"I've been HIV-Positive since 2011, my entire career. Fuck stigma and hiding in the dark, this is my real life. I'm healthy I've toured the world 3 times but I've been living in the dark, it's time to actually be as punk as I say I am," Blanco wrote in a Facebook post earlier this year. He then followed it with another comment: "No more living a lie. HAPPY PRIDE."
Out 2013 Out100 honoree Blanco, born Michael David Quattlebaum Jr., did not anticipate the reaction he would receive. The post garnered over 12,000 likes and over 700 shares. LGBT and mainstream media outlets both covered the story.
"I did it on this whole emotional whim," Blanco said of his coming-out. "But I think afterwards, when Newsweek and Time magazine -- who have never heard of me before -- are writing about it, I'm like, 'Oh, wait, maybe it's been a while since someone's done this.' "
"I actually feel like a good person. And I don't think I had felt like a good person in a really long time," he says, before breaking down in tears.
Blanco also told the magazine that the time immediately after his diagnosis was "a very dark period."
"I thought the world was over," he recalls. "I was not entirely surprised because I knew what I was doing in that period of my life -- it was a very dark period -- and I knew what I was doing to contribute to the high-risk behavior that led to it happening."
Blanco told no one he was positive and had no romantic partners for the first year after his diagnosis. "The best way to keep a secret is to tell no one," he says. He tells HIV Plus that it was 2 years before he could tell his mother, which he did in "the worst possible way... [during] a heated argument."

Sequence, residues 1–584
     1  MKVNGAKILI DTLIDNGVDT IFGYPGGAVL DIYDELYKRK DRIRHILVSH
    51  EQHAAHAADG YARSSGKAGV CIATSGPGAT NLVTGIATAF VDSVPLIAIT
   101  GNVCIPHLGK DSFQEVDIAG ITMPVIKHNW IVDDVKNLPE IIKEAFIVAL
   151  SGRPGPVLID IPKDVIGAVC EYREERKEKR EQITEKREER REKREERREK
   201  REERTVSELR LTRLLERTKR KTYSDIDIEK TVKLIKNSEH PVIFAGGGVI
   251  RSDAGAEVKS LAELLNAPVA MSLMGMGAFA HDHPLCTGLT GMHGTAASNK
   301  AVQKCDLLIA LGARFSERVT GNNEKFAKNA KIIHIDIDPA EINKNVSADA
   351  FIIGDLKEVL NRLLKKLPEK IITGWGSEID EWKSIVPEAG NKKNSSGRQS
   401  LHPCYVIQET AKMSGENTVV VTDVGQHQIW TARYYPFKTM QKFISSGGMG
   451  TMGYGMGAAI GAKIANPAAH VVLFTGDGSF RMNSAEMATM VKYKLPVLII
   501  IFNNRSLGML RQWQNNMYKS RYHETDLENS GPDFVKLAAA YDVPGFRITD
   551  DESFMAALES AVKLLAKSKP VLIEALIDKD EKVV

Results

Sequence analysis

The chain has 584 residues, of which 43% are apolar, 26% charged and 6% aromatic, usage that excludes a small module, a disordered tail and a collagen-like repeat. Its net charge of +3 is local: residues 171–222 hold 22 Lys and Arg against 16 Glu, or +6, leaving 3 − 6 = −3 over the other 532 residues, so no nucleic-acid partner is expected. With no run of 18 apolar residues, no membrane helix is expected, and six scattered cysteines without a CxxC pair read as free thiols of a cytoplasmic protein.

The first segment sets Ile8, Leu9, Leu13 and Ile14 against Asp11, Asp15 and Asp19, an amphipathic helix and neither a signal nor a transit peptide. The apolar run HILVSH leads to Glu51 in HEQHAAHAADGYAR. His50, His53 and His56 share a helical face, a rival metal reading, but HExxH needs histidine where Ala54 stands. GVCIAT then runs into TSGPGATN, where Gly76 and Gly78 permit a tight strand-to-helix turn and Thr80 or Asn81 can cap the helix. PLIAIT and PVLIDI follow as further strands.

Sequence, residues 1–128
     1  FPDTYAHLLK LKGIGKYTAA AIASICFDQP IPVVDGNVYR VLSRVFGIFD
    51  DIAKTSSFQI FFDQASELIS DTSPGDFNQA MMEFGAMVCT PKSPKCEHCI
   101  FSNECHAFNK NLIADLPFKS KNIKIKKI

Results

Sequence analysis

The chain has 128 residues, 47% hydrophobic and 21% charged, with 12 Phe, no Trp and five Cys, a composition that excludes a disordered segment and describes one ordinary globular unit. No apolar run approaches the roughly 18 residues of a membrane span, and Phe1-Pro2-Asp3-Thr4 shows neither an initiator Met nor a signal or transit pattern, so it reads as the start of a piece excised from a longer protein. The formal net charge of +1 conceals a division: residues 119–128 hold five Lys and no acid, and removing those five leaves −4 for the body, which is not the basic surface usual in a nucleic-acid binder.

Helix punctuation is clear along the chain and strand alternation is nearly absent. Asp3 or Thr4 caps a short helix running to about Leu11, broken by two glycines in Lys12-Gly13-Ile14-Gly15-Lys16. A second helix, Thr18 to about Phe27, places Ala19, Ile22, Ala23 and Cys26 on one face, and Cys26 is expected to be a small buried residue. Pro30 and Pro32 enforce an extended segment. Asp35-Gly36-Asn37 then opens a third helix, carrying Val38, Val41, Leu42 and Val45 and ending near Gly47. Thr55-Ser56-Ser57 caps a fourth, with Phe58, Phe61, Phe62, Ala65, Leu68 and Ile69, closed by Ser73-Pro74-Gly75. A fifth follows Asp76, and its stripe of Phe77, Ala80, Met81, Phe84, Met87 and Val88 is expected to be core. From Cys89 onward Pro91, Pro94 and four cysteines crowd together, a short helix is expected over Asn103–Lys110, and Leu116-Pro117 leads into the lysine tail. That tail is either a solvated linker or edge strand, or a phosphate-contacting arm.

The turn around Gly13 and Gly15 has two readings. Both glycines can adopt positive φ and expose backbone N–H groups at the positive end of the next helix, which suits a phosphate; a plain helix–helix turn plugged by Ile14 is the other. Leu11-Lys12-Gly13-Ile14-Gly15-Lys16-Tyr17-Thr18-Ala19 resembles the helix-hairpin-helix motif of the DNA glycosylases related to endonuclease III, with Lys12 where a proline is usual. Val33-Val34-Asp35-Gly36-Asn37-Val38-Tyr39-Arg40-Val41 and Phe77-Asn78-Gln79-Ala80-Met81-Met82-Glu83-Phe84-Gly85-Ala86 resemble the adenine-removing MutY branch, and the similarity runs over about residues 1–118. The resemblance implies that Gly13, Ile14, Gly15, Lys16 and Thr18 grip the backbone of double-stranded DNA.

"The reason I didn't tell my mother for so long is because I didn't think she'd be able to handle it," says Blanco, who remembered her warnings about HIV and the importance of safe sex. "I think that for a lot of mothers who end up having gay sons, that is a fear."
Blanco's mother called a week later with a reassuring message.
"I've been doing a lot of reading. I've been doing a lot of praying. You're gonna be OK," Blanco recalls his mom telling him. Then his mother took charge of his health care and treatment, making sure he kept his appointments.
"I'm so glad I told her," he says.
He also did it for his fans, explaining:
"How shitty and how deceived would they feel if, 20 years from now, they found out I was HIV-positive but I was too afraid of the stigma to come out about it?" he asks. "What kind of fraud would I have been to all the people that supported me? All the people that are trans and positive? Who are gay and positive? Who have supported me and bought my music and come to my shows? I couldn't be honest with myself enough, to love myself enough, [so] that self-love could then be encouragement or inspiration to them? No, no, no. Honestly, truthfully, I think I have too much integrity for that."
Beyond that he did it for himself.
"I did it for love. I did it for myself," he asserts. "At a certain point, my real life has to be more important than this career. And at a certain point, my own happiness and my own loneliness, it overcame me."
Finally, Blanco tells the mag that he's looking for love and won't let his status stop him, explaining:
"I want real love in my life. I don't want love at 3 a.m. I want someone who knows. I want positive guys who are positive to know that I am positive, so that they can approach me and that we can talk and there can be no awkwardness. I want negative guys to know so that I don't have to have that awkward conversation with them anymore. Or if they really do like me, they know what they're getting into."
Blanco's also set new boundaries while he's touring.
"I had made this rule for myself: I can't hook up with groupies on tour. But then I found myself in Berlin or in different countries or in bathhouses or part of a culture that I don't condemn, but...that is not healthy for me. And so, I was like, You know what? I don't want to be this person anymore."
"I'm no saint. I'm no perfect person. I'm sure that something will happen or I'll do something imperfect," he concludes. "But right now I literally have nothing to hide. And it feels so amazing."